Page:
Almost eight years after Sergey Aleynikov made HFT a watercooler topic after the former Goldman engineer was arrested (and incarcerated, then released, then charged again, then found innocent, and finally found guilty yet again) for allegedly stealing Goldman’s proprietary HFT code, a trading software developer was charged last Thursday by the acting U.S. Attorney in Manhattan, Joon Kim, for attempting to steal quantitative trading code from Susquehanna International Group, a relatively secretive financial firm based in the Philadelphia area that specializes in making markets for options.
A 44-year-old native Russian, Dmitry Sazonov worked for Susquehanna since 2004 as a software engineer and, by implication, trader. He was arrested in the lobby of Susquehanna’s New York offices last Wednesday by FBI agents, Forbes first reported.
According to the complaint, Sazonov “attempted to steal valuable proprietary computer code that took his employer years to develop.” Sazonov was accused ot taking elaborate steps to conceal his attempted theft, including camouflaging pieces of source code within harmless-looking draft emails on his work computer.
Specifically, the code which Sazonov was accused of stealing was linked to an updated trading platform Susquehanna has been developing for years to generate exchange and market orders. Sazonov started his effort to steal the proprietary trading code in February, the complaint says, after learning his supervisor had resigned.
Prosecutors claim that Sazonov, fearing he would be fired, downloaded the source code to his company computer and deployed a computer program that may have used steganography to break up data and hide data within other files, including personal tax and immigration documents. Sazonov attached zip files containing the quant trading code to two saved emails addressed to a personal account, but he was fired and immediately escorted out of Susquehanna’s New York offices in February before he had a chance to send the emails.
Then, according to the complaint, on multiple occasions following his termination Sazonov contacted individuals employed by Susqyehanna seeking the return of computer files on his desktop computer, which he claimed were personal documents. Then, last Wednesday, April 12, 2017, the feds say Sazonov showed up in the lobby of Susquehanna’s New York offices thinking he was going to have them returned. There, an FBI agent pretending to be a Susquehanna employee handed Sazonov a disk and he was arrested.
As an interesting aside in the complaint we read the following:
For at least approximately five years, Firm 1 has been in the process of developing an updated and improved version of the Trading Platform (the “Updated Trading Platform”). Firm?1 has, to date, invested more than approximately $5 million in the development of the Updated Trading Platform. The Updated Trading Platform is expected by representatives of Firm-1 to continue to enhance the position of Firm-1 in the markets in which it participates and to contribute substantially to Firm-1’s market share and profits. Accordingly, Firm-1 has put in place measures designed to protect the computer source code (the “Source Code”) underlying the Updated Trading Platform.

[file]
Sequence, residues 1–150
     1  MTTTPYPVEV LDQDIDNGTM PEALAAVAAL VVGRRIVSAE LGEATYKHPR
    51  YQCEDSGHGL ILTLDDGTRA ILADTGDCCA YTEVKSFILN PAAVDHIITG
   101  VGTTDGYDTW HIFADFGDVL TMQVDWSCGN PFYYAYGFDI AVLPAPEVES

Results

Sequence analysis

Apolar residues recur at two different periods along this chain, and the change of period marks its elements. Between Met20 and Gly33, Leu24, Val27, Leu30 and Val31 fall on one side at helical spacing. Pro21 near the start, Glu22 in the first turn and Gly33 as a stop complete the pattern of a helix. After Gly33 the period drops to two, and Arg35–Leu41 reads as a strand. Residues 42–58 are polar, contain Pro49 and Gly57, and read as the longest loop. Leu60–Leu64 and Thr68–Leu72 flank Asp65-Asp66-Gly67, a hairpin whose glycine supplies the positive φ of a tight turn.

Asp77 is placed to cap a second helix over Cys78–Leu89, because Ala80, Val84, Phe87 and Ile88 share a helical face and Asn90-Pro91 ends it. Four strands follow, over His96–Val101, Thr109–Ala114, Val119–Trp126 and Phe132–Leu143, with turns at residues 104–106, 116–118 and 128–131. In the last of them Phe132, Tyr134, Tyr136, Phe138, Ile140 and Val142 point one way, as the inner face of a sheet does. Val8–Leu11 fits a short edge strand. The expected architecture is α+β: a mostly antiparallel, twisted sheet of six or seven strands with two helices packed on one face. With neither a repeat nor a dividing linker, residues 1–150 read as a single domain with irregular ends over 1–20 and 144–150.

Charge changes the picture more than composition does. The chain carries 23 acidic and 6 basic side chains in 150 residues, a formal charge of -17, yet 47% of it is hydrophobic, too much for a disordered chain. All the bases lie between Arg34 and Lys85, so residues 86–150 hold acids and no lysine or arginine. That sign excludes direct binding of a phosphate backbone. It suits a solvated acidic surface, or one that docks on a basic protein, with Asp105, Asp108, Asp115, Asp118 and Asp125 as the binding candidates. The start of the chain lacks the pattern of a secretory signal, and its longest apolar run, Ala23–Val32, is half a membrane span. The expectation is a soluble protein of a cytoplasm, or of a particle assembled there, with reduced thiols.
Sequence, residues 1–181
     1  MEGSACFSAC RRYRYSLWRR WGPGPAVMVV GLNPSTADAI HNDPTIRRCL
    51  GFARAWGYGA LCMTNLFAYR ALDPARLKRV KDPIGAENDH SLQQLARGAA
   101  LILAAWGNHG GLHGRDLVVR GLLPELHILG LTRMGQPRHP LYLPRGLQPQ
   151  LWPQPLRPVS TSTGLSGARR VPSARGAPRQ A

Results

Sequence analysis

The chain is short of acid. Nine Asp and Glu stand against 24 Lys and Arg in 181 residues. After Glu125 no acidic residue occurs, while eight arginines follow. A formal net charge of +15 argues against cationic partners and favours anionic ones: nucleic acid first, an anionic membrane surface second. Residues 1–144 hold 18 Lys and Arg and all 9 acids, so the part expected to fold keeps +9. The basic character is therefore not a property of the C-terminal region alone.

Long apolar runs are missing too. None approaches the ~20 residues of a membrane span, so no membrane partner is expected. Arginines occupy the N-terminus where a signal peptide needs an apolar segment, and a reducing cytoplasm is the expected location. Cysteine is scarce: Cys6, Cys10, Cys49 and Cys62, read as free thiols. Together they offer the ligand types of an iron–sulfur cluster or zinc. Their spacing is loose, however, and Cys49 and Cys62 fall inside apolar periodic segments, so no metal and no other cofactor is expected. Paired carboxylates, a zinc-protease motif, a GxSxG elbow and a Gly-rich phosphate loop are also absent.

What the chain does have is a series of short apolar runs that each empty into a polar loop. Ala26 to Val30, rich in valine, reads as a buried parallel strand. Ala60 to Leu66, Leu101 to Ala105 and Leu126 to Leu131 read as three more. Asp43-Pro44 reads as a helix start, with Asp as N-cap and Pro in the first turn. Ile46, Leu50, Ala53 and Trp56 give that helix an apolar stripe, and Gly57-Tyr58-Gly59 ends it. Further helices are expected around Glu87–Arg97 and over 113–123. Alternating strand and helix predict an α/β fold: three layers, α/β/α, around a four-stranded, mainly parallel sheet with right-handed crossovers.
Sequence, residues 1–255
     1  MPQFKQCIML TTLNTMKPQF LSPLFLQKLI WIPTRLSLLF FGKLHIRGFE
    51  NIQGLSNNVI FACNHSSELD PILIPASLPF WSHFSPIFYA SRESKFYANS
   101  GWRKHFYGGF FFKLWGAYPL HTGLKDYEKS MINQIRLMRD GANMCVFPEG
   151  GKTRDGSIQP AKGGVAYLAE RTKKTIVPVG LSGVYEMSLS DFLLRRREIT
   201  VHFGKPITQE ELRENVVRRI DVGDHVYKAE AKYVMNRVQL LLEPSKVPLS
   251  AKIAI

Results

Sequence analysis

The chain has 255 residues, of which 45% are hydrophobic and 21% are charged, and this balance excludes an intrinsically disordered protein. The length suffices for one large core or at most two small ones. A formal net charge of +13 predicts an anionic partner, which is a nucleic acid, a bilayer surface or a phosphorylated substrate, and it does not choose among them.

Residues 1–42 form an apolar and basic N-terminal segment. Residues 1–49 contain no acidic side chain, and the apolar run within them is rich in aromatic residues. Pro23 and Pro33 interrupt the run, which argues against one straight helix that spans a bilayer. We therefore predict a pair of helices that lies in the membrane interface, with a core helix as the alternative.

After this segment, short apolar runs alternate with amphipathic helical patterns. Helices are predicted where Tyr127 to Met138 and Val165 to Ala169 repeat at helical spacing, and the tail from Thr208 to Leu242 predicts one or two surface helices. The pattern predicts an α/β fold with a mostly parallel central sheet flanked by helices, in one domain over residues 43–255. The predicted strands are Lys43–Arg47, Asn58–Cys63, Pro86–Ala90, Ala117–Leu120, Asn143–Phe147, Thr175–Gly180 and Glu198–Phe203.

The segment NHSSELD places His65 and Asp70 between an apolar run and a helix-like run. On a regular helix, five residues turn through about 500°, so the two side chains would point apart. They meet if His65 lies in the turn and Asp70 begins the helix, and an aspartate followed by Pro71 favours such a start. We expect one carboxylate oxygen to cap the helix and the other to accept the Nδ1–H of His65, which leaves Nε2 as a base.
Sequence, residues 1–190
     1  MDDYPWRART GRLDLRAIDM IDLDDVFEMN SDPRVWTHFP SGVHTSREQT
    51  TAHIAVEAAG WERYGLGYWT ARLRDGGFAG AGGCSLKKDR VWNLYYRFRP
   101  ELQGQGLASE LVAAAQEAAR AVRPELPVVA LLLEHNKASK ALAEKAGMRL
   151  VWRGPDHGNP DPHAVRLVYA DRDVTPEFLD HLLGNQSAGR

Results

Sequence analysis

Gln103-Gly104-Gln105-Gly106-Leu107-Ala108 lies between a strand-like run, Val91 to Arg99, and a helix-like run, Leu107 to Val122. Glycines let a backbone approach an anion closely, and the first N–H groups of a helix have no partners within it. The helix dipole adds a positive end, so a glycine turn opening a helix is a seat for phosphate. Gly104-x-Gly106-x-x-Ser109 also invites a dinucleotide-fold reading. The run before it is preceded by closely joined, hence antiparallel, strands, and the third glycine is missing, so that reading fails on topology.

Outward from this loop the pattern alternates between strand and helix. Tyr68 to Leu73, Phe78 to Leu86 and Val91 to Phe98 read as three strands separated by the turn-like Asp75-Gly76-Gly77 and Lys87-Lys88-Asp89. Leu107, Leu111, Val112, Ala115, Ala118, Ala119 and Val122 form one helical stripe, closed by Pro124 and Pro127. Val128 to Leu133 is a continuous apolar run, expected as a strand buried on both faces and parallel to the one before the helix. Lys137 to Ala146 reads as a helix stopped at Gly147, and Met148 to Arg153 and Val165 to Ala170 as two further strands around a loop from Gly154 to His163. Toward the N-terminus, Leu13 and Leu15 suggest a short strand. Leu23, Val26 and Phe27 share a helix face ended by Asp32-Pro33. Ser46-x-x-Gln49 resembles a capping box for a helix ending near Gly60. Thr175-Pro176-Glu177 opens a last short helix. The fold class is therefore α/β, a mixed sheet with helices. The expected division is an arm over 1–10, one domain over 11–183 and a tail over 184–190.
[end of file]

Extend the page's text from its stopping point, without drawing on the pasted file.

According to Sazonov’s LinkedIn page he was educated in Russia and has been working at Susquehanna since 2004, developing “strong experience with trading application development.” One wonders how long before he is linked to the Trump campaign too….
The complaint filed by federal prosecutors says Sazonov has worked at the firm that fired him since 2004 and that the firm is headquartered in Pennsylvania with offices in New York. The feds also say the trading platform Sazonov worked on trades $300 million in options daily. Susquehanna is best known on the Street for its options trading.
Sazonov, of Rockland County, New York, was charged with one count of attempted theft of trade secrets, which carries a maximum sentence of 10 years in prison and a maximum fine of $250,000 or twice the gross gain or loss from the offense.
Sazonov’s arrest for “stealing” source quant code is just the latest in a long series of enforcement crackdowns on engineers and traders accused of misappropriating proprietary trading data. According to Forbes, last week federal prosecutors in Manhattan also charged Jim Zhang with stealing computer code related to algorithmic trading models at an unnamed New York-based financial firm.
In recent years Manhattan District Attorney Cyrus Vance has taken the lead in the area after the controversial saga of Sergey Aleynikov. The former Goldman Sachs quantitative trading researcher was initially prosecuted by federal prosecutors starting in 2009 for allegedly stealing secrets. He was convicted by a federal jury but a federal appeals court overturned the decision. Aleynikov was later prosecuted again by District Attorney Vance, found guilty by a jury, acquitted by a judge, and then essentially found guilty again by an appeals court earlier this year.
Full complaint here.